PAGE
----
|Adapted to high rainfall up to 80" and high humidity. Historically found in wooded savannahs & open prairies from south Texas sand sheet to east coast. Most Southeastern US prairies have been lost to agriculture, timber and development. Excellent for those wishing to improve wildlife habitat and reclamation works. Highly productive forage type.
A foundation species, Little Bluestem is absolutely beautiful in commercial & residential landscapes.
Little Bluestem once dominated our tall and short grass prairies from Canada to Mexico. But almost everywhere that could be plowed has been plowed. Texas, the largest prairie state, has the least acres conserved. Besides a few refuges, current-day sightings still find it growing on thin, infertile, highly erodible soils...surviving harsh conditions with good land stewardship practices. Sadly, in many regions, 'Lil Blu' is almost gone.
For the Landscape, Little Bluestem can be grown from seed. Being a well-behaved 1 to 4' clump grass makes it ideal for blue-green spring color. Later in the growing season, with no mowing and blessed mid-summer rains ...seeds begin to form. By autumn, rich bronze stems with frost-white, fuzzy, dew glistened seeds sparkling at sunrise helps us to remember why Comanches fought so hard for this land. Howling cold northers eventually blow seeds to the winds...where ground nesting quail, meadowlarks or grasshopper sparrows forage for food.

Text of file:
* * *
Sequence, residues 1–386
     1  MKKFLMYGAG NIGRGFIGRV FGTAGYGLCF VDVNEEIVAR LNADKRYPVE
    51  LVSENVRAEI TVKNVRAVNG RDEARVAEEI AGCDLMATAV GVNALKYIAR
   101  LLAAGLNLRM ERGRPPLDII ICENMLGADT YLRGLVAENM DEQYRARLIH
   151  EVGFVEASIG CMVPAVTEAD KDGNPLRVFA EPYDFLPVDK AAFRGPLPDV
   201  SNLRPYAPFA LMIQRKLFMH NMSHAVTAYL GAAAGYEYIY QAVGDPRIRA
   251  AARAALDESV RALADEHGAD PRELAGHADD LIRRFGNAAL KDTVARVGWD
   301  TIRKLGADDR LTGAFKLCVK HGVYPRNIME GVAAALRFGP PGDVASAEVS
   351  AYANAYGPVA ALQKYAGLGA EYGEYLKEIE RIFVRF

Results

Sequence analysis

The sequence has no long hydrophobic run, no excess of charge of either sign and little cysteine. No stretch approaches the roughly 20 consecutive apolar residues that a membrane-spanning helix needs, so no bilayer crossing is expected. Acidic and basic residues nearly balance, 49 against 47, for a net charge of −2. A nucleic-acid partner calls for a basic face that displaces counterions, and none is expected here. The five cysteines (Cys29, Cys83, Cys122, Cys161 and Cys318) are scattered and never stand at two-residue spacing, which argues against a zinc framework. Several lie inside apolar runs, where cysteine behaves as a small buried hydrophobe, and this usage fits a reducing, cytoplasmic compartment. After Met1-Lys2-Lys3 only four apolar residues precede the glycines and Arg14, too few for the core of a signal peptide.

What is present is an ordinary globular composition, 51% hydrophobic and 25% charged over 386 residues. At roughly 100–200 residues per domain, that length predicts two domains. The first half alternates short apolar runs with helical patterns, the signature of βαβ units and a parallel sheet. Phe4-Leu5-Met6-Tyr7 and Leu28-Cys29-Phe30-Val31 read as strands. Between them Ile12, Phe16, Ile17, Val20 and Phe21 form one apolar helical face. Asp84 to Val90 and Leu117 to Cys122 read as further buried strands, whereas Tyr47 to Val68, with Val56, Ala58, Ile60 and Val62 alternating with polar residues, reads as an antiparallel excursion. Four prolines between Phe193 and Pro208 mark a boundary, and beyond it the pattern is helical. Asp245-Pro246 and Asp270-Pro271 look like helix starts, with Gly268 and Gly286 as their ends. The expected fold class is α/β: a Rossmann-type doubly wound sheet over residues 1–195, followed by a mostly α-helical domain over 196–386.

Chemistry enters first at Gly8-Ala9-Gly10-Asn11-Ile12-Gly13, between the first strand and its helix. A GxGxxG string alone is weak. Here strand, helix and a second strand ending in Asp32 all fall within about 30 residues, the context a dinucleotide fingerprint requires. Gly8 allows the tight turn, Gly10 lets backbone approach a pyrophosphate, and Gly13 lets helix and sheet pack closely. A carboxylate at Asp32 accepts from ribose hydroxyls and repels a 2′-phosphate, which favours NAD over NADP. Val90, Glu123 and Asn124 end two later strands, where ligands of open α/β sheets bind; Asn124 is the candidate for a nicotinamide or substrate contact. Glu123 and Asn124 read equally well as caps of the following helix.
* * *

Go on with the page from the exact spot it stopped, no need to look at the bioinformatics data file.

For Ag producers, 'Lil Blu' greens up a month earlier than alien coastal bermuda and provides excellent grazing until maturity. Native hay meadows are low-input. 'Lil Blu' does not like petro-fertilizers. Good stewardship includes managed grazing, no late haying or short summer mowings, and a prescribed burn plan. Little Bluestem prairies can last perpetually.
For Wildlife Valuation, Little Bluestem qualifies as food and habitat. The seeds are nutritious for goldfinch, quail, dove, and many mammals. Excellent ground-nesting cover for prairie birds, mammals and larval food source for butterflies.
Little Bluestem was once so important for forage, the USDA Plant Materials Centers developed several 'improved' selections called cultivars, mostly taken from northern and mid western prairies decades ago. Agronomists targeted selections with highest forage production. After years of refinement and processing of cultivars and certified seeds, many naturally occurring genetic adaptations are intentionally bred out to control uniformity.
If local adaptability to changing environmental conditions over time is important to you ...consider planting diverse Native, Non-certified seeds. Usually the best adapted seeds are natives harvested reasonably close to the planting site with no supplemental breeding or trait selecting. How close? How ever far a buffalo can run.